New Yorker Ed Koch Kibbutzes with CIA Director Dick Helms in 1969
Fearless Ed's Own Account 30 Years Later
At breakfast, we were given a briefing by the director. I can't recall a single thing he said, but I do remember thinking, "why am I here when I could be back in my office working?". I had learned nothing of real and perceived dangers to national security. For them, this was clearly a dog and pony show staged for the benefit of impressionable novices in Congress.
After the director finished his lecture, he said, "Now you can ask me any question on your minds. This is the only time you'll have that opportunity until you get on one of the senate oversight committees, and that is many years away."
My question was, "Would you tell us, please, the size of the CIA's budget?". The director laughed and said, "That's one of the questions we never answer". I said, "You mean to say I, as a congressman voting on your budget, will not know how much I'm voting for?" He replied, "That's right. Our budget is buried in some other agency's budget, and is not identified as such." I said, "You mean the CIA's budget could be buried in the budget of the Social Security Administration?" He laughed and said, "Yes: we've never used that one, but its not a bad idea."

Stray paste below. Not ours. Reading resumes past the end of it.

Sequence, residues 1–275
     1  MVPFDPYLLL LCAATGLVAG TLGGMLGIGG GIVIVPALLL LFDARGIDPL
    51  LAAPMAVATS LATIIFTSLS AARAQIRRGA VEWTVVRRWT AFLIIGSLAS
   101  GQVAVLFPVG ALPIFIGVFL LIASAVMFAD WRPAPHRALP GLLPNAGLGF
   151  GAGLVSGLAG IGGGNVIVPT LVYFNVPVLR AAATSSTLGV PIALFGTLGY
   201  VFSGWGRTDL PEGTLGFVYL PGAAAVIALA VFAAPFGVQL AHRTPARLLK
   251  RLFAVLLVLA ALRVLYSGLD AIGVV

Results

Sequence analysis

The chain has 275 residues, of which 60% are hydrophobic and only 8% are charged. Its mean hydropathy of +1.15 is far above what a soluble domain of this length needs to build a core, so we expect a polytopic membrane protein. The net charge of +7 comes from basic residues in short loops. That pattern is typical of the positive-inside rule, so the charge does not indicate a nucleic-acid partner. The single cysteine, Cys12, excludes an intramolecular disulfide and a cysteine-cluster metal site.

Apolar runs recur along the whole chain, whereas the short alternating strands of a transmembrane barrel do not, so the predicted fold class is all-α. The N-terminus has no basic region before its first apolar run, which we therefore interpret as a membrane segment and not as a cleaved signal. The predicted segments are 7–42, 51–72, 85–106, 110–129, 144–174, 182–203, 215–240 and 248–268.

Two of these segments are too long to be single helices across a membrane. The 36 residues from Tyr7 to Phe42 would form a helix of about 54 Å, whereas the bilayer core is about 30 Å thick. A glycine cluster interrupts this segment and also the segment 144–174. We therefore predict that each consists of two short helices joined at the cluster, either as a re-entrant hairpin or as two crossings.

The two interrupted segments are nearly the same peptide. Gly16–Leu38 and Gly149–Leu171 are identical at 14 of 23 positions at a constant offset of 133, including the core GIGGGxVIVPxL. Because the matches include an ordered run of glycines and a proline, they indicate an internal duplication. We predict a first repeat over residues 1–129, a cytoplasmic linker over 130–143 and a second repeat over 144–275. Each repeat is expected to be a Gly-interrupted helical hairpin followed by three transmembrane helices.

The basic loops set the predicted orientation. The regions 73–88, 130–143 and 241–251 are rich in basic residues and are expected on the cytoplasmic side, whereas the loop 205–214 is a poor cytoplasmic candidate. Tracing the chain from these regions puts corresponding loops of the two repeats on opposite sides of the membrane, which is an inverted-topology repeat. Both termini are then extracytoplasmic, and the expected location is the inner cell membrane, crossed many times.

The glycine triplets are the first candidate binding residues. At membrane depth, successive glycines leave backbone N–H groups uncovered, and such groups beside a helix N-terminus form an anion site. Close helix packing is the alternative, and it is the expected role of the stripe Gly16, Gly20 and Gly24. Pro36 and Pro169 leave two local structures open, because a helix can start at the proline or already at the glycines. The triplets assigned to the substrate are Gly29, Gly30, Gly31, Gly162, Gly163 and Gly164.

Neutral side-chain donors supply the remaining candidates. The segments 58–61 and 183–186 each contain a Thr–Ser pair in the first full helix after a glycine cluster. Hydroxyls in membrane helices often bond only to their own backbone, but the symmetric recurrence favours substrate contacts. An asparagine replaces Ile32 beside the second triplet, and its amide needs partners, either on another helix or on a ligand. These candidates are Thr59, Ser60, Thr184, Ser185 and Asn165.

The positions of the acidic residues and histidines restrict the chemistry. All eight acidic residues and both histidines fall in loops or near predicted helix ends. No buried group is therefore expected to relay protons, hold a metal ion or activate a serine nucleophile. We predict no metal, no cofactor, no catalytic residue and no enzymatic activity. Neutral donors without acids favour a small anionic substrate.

Well, a few year's later, then CIA Director George Bush called Ed to let him know that, in retaliation for Ed's vote against continued military aid to Uraguay, the latter's counter intelligence agency had put out a contract on Ed's life... for which George declined to lend Ed any agency protection. Bummer.
So twenty five years later, Ed tells all. Here's a tip o' the hat to Ed for his delayed-fuse courage in complaining about lack of protection from a threat on his life, when it didn't seem important enough to do a Paul Revere number on discovering the agency was already killing the American public's (apparently arguable) right to know where their tax money is going.
What a guy.